Explain billion between 1980 and 1997 alone. The

Explain the possible impact of privatisation on the UK economy use examples focusing on at least two industries (e.g. Banking, Insurance, Legal, Health etc.)

 

Privatisation involves offering state-owned institutions for sales to the private participation to increase business efficiency and profitability. Although, critics argue that privatisation can enable exploitation via monopolistic power that ignores more extensive social costs.  The advent of the 1980s to the 1990s welcomes the privatisation of a few previously state-owned industries including BT, BP, Electricity companies, British Airways, Gas providers and the rail network in the UK. More importantly, the private sector procured many of the National industries and institutions during the privatisation policies of Mrs Margaret Thatcher as Prime Minister borne out of her believe that private sectors investments show characteristic high efficiency geared towards profitability than government-owned institutions Pettinger (2013). Moreover, the privatisation of public sector institutions has offered financial benefits to the government over the last 30 years with an accruable revenue of about £67 billion between 1980 and 1997 alone.  The acceptance of the importance of privatisation for governmental revenue generation is evident by the decision of the Labour Party to amend its constitution to a commitment popularly known as the “the common ownership of the means of production” in 1995. https://www.aol.co.uk/money/2013/04/10/britain-and-privatisation-has-it-worked Accessed 10 December 2017.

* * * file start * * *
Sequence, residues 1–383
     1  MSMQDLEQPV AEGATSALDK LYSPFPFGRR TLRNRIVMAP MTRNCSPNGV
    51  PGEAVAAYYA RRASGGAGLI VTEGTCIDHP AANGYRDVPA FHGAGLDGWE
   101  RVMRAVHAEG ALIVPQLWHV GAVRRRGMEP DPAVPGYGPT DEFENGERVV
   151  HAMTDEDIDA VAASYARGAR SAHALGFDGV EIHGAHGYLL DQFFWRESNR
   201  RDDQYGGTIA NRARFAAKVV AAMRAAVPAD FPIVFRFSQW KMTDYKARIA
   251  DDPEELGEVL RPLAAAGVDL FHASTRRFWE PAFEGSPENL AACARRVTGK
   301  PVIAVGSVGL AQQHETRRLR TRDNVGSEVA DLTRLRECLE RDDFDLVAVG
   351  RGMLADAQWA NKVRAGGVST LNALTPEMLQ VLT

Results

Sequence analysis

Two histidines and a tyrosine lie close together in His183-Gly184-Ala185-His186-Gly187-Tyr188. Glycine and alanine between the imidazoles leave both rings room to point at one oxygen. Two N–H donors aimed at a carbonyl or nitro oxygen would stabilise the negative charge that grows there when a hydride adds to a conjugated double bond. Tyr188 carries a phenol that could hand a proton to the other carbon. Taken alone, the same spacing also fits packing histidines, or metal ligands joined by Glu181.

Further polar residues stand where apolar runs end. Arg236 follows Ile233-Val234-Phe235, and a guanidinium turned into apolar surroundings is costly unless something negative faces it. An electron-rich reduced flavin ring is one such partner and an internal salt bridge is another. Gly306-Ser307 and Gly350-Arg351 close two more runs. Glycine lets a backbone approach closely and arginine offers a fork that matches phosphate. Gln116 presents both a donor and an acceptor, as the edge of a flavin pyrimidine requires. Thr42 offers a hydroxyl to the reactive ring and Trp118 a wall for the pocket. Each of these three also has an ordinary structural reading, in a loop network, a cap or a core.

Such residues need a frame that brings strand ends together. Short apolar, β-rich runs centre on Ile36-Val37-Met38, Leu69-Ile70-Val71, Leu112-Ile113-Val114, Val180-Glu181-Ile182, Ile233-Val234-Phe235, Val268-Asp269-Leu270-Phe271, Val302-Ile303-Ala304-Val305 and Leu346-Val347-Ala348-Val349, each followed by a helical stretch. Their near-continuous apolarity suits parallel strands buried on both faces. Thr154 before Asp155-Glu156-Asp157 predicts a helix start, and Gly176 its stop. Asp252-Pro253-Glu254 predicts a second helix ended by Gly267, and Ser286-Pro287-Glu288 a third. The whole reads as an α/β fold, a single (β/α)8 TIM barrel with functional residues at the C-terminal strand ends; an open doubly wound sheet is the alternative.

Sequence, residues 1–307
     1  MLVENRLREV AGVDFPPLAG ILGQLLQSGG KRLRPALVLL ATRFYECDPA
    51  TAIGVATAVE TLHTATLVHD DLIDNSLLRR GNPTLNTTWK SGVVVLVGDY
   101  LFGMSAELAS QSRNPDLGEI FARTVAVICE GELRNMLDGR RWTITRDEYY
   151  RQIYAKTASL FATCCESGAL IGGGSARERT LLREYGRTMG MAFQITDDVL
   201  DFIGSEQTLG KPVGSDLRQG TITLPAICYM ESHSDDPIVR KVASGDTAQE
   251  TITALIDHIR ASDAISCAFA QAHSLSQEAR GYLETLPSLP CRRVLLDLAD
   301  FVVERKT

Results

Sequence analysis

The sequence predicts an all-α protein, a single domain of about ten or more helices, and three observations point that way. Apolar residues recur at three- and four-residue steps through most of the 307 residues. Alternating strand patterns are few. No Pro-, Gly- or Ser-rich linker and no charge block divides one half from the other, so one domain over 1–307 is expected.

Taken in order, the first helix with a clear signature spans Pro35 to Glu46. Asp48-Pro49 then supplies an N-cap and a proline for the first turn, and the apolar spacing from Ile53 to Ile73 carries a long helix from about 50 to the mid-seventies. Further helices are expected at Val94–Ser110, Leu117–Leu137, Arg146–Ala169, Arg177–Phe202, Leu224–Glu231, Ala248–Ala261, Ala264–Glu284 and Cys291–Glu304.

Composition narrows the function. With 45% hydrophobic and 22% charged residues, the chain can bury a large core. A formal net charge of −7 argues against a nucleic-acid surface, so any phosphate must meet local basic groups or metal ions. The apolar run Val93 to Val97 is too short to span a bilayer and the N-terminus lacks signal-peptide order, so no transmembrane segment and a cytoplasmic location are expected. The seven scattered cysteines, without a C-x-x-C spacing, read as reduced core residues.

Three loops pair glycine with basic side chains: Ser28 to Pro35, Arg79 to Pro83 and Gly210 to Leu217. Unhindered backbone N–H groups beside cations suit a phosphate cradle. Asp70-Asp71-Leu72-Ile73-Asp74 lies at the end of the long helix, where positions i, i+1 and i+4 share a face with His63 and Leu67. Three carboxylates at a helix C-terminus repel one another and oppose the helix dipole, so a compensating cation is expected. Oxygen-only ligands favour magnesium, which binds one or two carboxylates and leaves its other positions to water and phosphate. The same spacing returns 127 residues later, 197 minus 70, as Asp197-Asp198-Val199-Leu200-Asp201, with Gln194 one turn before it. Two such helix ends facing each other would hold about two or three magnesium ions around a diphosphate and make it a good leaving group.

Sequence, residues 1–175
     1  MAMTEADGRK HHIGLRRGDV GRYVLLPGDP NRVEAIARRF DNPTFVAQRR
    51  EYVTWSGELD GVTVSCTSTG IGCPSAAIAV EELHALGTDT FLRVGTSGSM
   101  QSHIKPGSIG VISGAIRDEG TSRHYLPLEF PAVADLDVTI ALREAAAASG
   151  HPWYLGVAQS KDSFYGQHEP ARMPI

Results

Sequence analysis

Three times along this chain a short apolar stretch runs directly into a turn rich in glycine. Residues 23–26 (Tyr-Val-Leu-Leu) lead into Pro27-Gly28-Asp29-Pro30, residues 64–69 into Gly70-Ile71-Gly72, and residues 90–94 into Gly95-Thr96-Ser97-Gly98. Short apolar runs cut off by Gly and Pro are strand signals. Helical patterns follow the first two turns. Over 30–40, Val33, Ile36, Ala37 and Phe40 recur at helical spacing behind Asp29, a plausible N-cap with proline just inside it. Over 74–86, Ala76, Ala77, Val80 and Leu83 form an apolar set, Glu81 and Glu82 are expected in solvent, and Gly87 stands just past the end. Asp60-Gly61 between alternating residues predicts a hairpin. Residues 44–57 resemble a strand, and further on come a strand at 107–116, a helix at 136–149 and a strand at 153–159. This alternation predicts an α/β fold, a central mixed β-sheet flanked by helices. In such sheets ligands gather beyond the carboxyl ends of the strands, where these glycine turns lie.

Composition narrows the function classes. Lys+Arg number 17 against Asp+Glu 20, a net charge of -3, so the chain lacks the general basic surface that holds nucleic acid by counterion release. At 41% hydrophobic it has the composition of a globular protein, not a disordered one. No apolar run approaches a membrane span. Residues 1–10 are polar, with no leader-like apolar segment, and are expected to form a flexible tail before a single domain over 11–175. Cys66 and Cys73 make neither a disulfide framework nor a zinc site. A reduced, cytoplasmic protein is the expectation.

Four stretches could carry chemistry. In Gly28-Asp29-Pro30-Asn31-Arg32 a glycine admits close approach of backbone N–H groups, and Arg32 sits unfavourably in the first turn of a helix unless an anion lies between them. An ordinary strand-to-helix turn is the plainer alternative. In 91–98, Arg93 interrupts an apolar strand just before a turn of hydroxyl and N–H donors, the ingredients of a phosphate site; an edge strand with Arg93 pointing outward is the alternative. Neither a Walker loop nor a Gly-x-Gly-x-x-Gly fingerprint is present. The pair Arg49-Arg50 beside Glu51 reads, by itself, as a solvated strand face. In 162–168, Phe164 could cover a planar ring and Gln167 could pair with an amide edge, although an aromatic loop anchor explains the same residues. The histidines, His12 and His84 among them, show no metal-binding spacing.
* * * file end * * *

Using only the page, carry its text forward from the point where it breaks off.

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However, the anticipated impact of the privatisation process on the UK economy is not forthcoming because of the inherent gaps of inequality and social disparity and poverty because of the lack of re-investment of privatisation proceeds into the social sector. These problems are prominent in two critical domains of economic activities namely the transportation and banking sectors.  Unusually, despite the massive profit and financial wealth offered by rail sector privatisation; their service provision continues to decline regarding meeting consumer expectations year in year out.

 

Transportation Sector

Despite privatisation targeting assured financial sustainability and enhanced operational efficiency via private investments; it remains capital intensive. In the UK, the British Rail institution experience enormous problems even after privatisation as against its core implementation to help stem considerable inherent losses that face the operational activities because of high dependence on external subsidies, especially the necessity for safety.  The governmental efforts in the provision of extensive national infrastructure for rail services hamper the full privatisation of the rail sector. Therefore, part-privatisation, as well as partnership, remains the feasible approach to engage in the privatisation of the rail transport sector between the owners of the infrastructure (the UK government) and private operators such as Arrival, First, East Midlands, Docklands and Chiltern in the United Kingdom. Hence, the government commissioned the partnership arrangement with the Rail track, who is responsible for the maintenance, infrastructure investments and pricing regimes for the operating companies as well as organising timetable and schedules.  While the Train Operating Companies operates the wagons, bus, metro and other carriers.